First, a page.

Living in a reality of his own making, a narcissist is unconcerned with truth or objectivity. Honesty and consistency are for mere mortals or losers; he is not bound by them in any way. What is more, he will glibly manage to convince you that he is correct in whatever opinion he is voicing at the moment. Those who live with a narcissist are prone to fall for his reality distortions and may have difficulties after a while telling truth from fiction, even as it pertains to their own perceptions, feelings, and thoughts.
This — attempts to pull the entire nation into The Tyrant’s unreality — is what we are witnessing now.
It is best accomplished by a steady stream by paralogisms and paramoralisms, or what Kellyanne Goebbels calls “alternative facts,” which are as shocking and awe-inducing, though more insidious in their effects, as The Tyrant’s assorted decrees that violate established norms and laws.
The lies, distortions and obfuscations are always accompanied by attempts to shame and guilt the truth-tellers into silence; followed by intimidation, threats, and other means of marginalizing and delegitimizing them; and then elimination — from their positions and/or life when the time comes.
Seasoned tyrants at the peak of their power don’t bother with threats, but go straight for physical elimination of their critics, something our tyrant-in-the-making appears to approve, at least tacitly so far.
Some observers ask whether these shocks are intentional or signs of incompetence perhaps; the answer, strangely and not, is neither — and both. It is like asking whether the destruction caused by an avalanche could be classified as intentional or indicative of incompetence. Just as with avalanches, framing the destruction caused by tyrants in these terms somewhat misses the point.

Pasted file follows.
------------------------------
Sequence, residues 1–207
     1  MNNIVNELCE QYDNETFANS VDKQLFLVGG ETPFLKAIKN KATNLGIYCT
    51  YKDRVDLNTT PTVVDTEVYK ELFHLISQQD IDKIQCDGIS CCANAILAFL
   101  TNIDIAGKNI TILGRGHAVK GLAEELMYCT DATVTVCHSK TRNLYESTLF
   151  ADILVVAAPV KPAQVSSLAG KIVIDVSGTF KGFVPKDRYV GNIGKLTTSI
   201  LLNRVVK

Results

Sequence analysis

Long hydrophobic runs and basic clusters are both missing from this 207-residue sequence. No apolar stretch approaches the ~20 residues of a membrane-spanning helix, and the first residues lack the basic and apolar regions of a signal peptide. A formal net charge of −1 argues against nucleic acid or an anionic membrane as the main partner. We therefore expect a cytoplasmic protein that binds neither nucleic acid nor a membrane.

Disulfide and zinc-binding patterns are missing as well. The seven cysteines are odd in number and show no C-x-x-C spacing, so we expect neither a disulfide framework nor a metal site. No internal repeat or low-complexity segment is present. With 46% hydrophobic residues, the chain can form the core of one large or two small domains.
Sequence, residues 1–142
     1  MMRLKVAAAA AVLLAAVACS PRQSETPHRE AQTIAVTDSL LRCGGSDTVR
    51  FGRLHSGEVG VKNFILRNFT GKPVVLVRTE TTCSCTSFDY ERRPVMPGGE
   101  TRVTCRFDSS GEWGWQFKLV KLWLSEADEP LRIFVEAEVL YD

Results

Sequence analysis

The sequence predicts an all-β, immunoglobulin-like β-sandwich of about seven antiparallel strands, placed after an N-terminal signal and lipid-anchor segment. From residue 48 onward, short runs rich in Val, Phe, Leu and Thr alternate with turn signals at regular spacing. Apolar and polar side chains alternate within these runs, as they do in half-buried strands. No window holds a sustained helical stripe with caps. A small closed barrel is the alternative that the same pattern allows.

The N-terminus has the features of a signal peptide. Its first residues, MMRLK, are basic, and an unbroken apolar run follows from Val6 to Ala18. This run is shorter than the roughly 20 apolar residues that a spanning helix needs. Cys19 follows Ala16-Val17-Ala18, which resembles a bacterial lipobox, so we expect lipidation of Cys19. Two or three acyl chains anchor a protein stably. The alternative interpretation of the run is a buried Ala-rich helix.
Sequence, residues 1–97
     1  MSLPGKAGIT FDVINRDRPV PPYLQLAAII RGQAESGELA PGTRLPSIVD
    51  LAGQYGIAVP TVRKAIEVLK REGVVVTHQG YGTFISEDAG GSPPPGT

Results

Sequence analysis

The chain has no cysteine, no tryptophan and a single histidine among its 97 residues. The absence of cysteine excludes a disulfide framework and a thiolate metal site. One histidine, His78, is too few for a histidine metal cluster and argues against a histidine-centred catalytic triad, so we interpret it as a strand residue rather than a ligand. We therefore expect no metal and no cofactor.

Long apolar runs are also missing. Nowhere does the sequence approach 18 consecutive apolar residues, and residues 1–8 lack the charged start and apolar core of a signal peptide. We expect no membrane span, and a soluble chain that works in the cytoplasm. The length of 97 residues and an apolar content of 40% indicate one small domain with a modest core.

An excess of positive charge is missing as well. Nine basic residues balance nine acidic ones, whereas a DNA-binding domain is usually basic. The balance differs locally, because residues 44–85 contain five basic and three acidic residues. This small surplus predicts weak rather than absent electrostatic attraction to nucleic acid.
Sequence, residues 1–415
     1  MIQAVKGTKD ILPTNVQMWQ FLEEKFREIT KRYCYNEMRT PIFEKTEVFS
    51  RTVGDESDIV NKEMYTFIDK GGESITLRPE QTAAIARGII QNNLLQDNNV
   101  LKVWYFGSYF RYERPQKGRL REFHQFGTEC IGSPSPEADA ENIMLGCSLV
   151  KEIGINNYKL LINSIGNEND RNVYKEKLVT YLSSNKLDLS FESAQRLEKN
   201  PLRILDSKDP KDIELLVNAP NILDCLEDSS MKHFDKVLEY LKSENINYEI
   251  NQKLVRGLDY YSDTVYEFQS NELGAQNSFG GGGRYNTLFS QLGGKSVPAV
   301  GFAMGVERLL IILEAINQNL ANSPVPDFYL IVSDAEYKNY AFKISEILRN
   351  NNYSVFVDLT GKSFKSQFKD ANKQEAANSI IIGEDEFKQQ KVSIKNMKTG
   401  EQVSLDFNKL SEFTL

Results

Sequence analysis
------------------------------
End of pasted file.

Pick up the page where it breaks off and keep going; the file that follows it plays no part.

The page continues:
Tyrants are both incompetent and intentional in the mayhem they inflict because they cannot be anything else. They have no choice. Their pathology makes them inherently destructive and blind, archetypal instruments of fate.
The awe today comes from witnessing the upsurge of humanity revolted by The Tyrant-in-the-making and his pathological rule. This is not your grandfather’s revolution, especially since it is populated and led so heavily by women. However, we have seen this happen in response to tyrants of the past and present in every society. Street protests and demonstrations only go so far, and The Tyrant knows it, no matter how dim he may be.
Unpleasant as it is for him to see, with time he stops being concerned about the “little people” rising against him, because he knows he can squash them through legal and not means. And he will, unless there is a concerted effort of people of conscience using all available peaceful means to prevent it — but even that may not stop him. He has an arsenal behind him, among other things.
It is easier to describe and explain The Tyrant and the general progression of his rule than find effective ways to thwart it. But whatever happens and whatever we do, we have to always remember that this is not normal, no matter how insistently the propaganda masters want to convince us otherwise.
Predictable, yes, and, unfortunately, probably inevitable as well — but not normal. And definitely not healthy; although there are positive aspects to it — side-effects, if you will — one of them the moral and political awakening of humanity on a global scale in response to the threat to its existence.
Those who make claims to the contrary, and who aid and abet the tyranny-in-the-making are either blind or corrupt, maybe both. Time and history will sort them out and put their role in this sorry enterprise in the proper perspective, if that’s any consolation. Meanwhile, we persevere and nevertheless persist remembering that this is not only a test of our democracy, but also of our values — not just American, but human.
 From unpublished diaries of Peace Pilgrim.